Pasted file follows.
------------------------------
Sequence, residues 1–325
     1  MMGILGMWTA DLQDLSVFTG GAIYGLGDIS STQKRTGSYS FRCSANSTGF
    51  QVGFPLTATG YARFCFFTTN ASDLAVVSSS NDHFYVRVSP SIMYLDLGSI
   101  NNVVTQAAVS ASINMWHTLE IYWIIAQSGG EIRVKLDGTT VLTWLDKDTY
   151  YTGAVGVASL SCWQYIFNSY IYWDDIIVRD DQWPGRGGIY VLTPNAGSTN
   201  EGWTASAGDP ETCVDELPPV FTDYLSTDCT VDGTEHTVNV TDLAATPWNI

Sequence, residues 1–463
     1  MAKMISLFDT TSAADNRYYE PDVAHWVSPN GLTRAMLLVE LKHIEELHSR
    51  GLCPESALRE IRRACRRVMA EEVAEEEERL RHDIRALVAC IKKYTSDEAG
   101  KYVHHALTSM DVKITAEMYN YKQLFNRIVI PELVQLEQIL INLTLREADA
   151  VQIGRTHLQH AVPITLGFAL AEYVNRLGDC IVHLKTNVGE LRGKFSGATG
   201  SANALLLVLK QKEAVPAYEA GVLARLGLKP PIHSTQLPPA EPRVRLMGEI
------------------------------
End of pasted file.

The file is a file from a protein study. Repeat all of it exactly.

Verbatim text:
Sequence, residues 1–325
     1  MMGILGMWTA DLQDLSVFTG GAIYGLGDIS STQKRTGSYS FRCSANSTGF
    51  QVGFPLTATG YARFCFFTTN ASDLAVVSSS NDHFYVRVSP SIMYLDLGSI
   101  NNVVTQAAVS ASINMWHTLE IYWIIAQSGG EIRVKLDGTT VLTWLDKDTY
   151  YTGAVGVASL SCWQYIFNSY IYWDDIIVRD DQWPGRGGIY VLTPNAGSTN
   201  EGWTASAGDP ETCVDELPPV FTDYLSTDCT VDGTEHTVNV TDLAATPWNI

Sequence, residues 1–463
     1  MAKMISLFDT TSAADNRYYE PDVAHWVSPN GLTRAMLLVE LKHIEELHSR
    51  GLCPESALRE IRRACRRVMA EEVAEEEERL RHDIRALVAC IKKYTSDEAG
   101  KYVHHALTSM DVKITAEMYN YKQLFNRIVI PELVQLEQIL INLTLREADA
   151  VQIGRTHLQH AVPITLGFAL AEYVNRLGDC IVHLKTNVGE LRGKFSGATG
   201  SANALLLVLK QKEAVPAYEA GVLARLGLKP PIHSTQLPPA EPRVRLMGEI